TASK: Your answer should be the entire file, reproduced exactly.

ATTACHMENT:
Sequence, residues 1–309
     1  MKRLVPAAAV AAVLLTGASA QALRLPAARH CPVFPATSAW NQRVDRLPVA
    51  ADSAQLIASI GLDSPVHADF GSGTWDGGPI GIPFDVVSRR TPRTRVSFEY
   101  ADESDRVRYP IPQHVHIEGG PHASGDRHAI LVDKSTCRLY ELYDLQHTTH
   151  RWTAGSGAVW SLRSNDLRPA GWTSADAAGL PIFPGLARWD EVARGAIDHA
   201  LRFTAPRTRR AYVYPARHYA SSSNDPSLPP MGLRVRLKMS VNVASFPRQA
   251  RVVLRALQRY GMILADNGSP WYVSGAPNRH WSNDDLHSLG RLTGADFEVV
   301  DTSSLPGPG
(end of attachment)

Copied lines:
Sequence, residues 1–309
     1  MKRLVPAAAV AAVLLTGASA QALRLPAARH CPVFPATSAW NQRVDRLPVA
    51  ADSAQLIASI GLDSPVHADF GSGTWDGGPI GIPFDVVSRR TPRTRVSFEY
   101  ADESDRVRYP IPQHVHIEGG PHASGDRHAI LVDKSTCRLY ELYDLQHTTH
   151  RWTAGSGAVW SLRSNDLRPA GWTSADAAGL PIFPGLARWD EVARGAIDHA
   201  LRFTAPRTRR AYVYPARHYA SSSNDPSLPP MGLRVRLKMS VNVASFPRQA
   251  RVVLRALQRY GMILADNGSP WYVSGAPNRH WSNDDLHSLG RLTGADFEVV
   301  DTSSLPGPG